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EVENT Nov 09
ABSTRACT Jun 01
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Big Bad Future: Scale and Speculation in Environmental Literature (ASLE @ SAMLA 95) (SAMLA 95)

Atlanta, GA
Organization: ASLE/SAMLA
Event: SAMLA 95
Categories: Postcolonial, American, Hispanic & Latino, Comparative, Interdisciplinary, British, Genre & Form, Popular Culture, Literary Theory, World Literatures, African-American, Colonial, Revolution & Early National, Transcendentalists, 1865-1914, 20th & 21st Century, Medieval, Early Modern & Renaissance, Long 18th Century, Romantics, Victorian, 20th & 21st Century, Adventure & Travel Writing, Children's Literature, Comics & Graphic Novels, Drama, Narratology, Poetry, Aesthetics, Anthropology/Sociology, Classical Studies, Cultural Studies, Environmental Studies, Film, TV, & Media, Food Studies, History, Philosophy, African & African Diasporas, Asian & Asian Diasporas, Australian Literature, Canadian Literature, Caribbean & Caribbean Diasporas, Indian Subcontinent, Eastern European, Mediterranean, Middle East, Native American, Scandinavian, Pacific Literature
Event Date: 2023-11-09 to 2023-11-11 Abstract Due: 2023-06-01

From Thoreau’s description of “vast, Titanic, inhuman nature” to Timothy Morton’s hyperobjects, scale has long been an epistemological tool for theorizing the relationship between nature and humanity. This tool has taken on special significance in the age of global anthropogenic climate change as artists and scholars struggle to give form to such enormous, widely dispersed upheaval as it slowly but persistently creeps into view. In the light of drowning major cities and intensifying weather events, we are left with the evergreen question: “what is to be done?” What role, if any, can literature play in the comprehension of and adaptation to such a brave new world? What interdisciplinary connections can be adopted to make art a more transformative force? What part can literature and language studies play in such a world where potential destruction may make the university as an institution altogether obsolete? Potential presenters are welcome to consider these among other questions in constructing their proposals. Presentations from all fields of literature and language studies and all time periods are welcome. Interdisciplinary links are encouraged but not required.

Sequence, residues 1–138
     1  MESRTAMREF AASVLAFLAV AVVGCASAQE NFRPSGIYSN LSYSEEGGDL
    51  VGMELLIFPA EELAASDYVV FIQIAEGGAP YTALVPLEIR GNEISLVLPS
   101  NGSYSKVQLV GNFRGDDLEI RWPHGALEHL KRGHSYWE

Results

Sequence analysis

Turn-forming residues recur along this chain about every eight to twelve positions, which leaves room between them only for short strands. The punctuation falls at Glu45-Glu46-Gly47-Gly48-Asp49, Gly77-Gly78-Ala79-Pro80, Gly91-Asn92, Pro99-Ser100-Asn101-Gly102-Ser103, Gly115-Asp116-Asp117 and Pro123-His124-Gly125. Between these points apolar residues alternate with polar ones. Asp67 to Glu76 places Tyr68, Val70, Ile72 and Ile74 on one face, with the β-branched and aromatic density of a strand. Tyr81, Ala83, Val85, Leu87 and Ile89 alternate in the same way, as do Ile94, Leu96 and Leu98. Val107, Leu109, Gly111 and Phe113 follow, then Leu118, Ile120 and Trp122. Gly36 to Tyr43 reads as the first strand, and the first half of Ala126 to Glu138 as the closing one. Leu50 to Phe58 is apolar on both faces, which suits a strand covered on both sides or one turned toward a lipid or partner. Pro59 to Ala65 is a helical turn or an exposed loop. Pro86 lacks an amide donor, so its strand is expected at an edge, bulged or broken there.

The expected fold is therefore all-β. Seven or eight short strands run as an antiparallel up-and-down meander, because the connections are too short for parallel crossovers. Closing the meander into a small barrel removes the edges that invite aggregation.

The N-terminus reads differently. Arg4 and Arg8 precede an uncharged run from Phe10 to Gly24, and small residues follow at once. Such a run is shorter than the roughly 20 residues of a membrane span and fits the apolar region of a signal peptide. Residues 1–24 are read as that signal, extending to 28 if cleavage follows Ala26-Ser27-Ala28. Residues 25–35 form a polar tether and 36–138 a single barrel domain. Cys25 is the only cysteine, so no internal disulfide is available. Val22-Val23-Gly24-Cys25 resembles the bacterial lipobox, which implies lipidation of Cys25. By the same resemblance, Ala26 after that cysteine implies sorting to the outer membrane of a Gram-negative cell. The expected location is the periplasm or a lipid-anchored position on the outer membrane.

Presentations may address any of the following:

  • How to represent climate change in art
  • The scale of movements for climate justice
  • Climate fiction and speculative depictions of drastically different futures
  • Speculative theories of climate adaptation (degrowth, international agreements, etc.)
  • Mass extinction
  • Climate disaster
  • Mass migration/climate refugees
  • Nascent climate fascism and/or climate populism
  • Environmental radicalism and/or the utility of violence
  • Extractive capitalism, its ghosts and its futures
  • Any other topic related to the theme

By June 1st, please send proposals of 300 words, a brief bio, and any A/V requests to Dr. Matthew Spencer (mls0142@auburn.edu).

mls0142@auburn.edu

Matthew Spencer